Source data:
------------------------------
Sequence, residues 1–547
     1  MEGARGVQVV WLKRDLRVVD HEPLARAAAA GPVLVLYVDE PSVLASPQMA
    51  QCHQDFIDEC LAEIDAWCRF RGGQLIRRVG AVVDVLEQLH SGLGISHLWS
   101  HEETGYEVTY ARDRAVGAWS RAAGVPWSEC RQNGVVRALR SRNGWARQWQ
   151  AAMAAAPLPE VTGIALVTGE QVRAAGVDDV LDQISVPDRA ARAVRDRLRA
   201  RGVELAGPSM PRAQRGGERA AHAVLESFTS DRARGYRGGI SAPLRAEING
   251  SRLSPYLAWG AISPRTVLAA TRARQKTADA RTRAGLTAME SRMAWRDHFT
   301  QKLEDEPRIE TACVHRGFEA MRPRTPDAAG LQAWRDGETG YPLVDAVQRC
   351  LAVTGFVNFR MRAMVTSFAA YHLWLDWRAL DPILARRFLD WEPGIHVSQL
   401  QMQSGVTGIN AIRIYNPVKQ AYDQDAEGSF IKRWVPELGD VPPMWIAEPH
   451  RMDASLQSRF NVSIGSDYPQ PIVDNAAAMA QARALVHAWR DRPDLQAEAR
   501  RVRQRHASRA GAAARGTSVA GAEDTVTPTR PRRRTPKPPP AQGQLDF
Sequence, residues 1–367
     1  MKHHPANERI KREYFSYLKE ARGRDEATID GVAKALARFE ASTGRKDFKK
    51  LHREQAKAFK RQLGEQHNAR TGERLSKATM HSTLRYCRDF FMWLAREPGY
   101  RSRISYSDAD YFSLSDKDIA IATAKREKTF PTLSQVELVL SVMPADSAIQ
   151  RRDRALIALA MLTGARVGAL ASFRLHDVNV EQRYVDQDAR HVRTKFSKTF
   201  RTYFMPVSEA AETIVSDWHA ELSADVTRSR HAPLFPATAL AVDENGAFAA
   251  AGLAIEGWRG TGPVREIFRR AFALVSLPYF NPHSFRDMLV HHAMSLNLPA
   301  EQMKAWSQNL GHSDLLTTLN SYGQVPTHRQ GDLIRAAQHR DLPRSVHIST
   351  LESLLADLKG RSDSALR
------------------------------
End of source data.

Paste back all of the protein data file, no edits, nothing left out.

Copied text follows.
Sequence, residues 1–547
     1  MEGARGVQVV WLKRDLRVVD HEPLARAAAA GPVLVLYVDE PSVLASPQMA
    51  QCHQDFIDEC LAEIDAWCRF RGGQLIRRVG AVVDVLEQLH SGLGISHLWS
   101  HEETGYEVTY ARDRAVGAWS RAAGVPWSEC RQNGVVRALR SRNGWARQWQ
   151  AAMAAAPLPE VTGIALVTGE QVRAAGVDDV LDQISVPDRA ARAVRDRLRA
   201  RGVELAGPSM PRAQRGGERA AHAVLESFTS DRARGYRGGI SAPLRAEING
   251  SRLSPYLAWG AISPRTVLAA TRARQKTADA RTRAGLTAME SRMAWRDHFT
   301  QKLEDEPRIE TACVHRGFEA MRPRTPDAAG LQAWRDGETG YPLVDAVQRC
   351  LAVTGFVNFR MRAMVTSFAA YHLWLDWRAL DPILARRFLD WEPGIHVSQL
   401  QMQSGVTGIN AIRIYNPVKQ AYDQDAEGSF IKRWVPELGD VPPMWIAEPH
   451  RMDASLQSRF NVSIGSDYPQ PIVDNAAAMA QARALVHAWR DRPDLQAEAR
   501  RVRQRHASRA GAAARGTSVA GAEDTVTPTR PRRRTPKPPP AQGQLDF
Sequence, residues 1–367
     1  MKHHPANERI KREYFSYLKE ARGRDEATID GVAKALARFE ASTGRKDFKK
    51  LHREQAKAFK RQLGEQHNAR TGERLSKATM HSTLRYCRDF FMWLAREPGY
   101  RSRISYSDAD YFSLSDKDIA IATAKREKTF PTLSQVELVL SVMPADSAIQ
   151  RRDRALIALA MLTGARVGAL ASFRLHDVNV EQRYVDQDAR HVRTKFSKTF
   201  RTYFMPVSEA AETIVSDWHA ELSADVTRSR HAPLFPATAL AVDENGAFAA
   251  AGLAIEGWRG TGPVREIFRR AFALVSLPYF NPHSFRDMLV HHAMSLNLPA
   301  EQMKAWSQNL GHSDLLTTLN SYGQVPTHRQ GDLIRAAQHR DLPRSVHIST
   351  LESLLADLKG RSDSALR